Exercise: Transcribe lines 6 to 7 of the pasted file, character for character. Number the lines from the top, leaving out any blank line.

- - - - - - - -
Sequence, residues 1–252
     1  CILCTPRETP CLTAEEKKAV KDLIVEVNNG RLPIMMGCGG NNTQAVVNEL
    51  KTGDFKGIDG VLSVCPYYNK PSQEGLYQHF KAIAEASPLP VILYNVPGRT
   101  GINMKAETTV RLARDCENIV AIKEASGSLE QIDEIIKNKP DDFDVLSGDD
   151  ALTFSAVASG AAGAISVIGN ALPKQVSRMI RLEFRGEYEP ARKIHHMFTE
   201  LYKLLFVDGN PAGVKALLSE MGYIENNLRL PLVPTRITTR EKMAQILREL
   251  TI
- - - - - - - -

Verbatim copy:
   201  LYKLLFVDGN PAGVKALLSE MGYIENNLRL PLVPTRITTR EKMAQILREL
   251  TI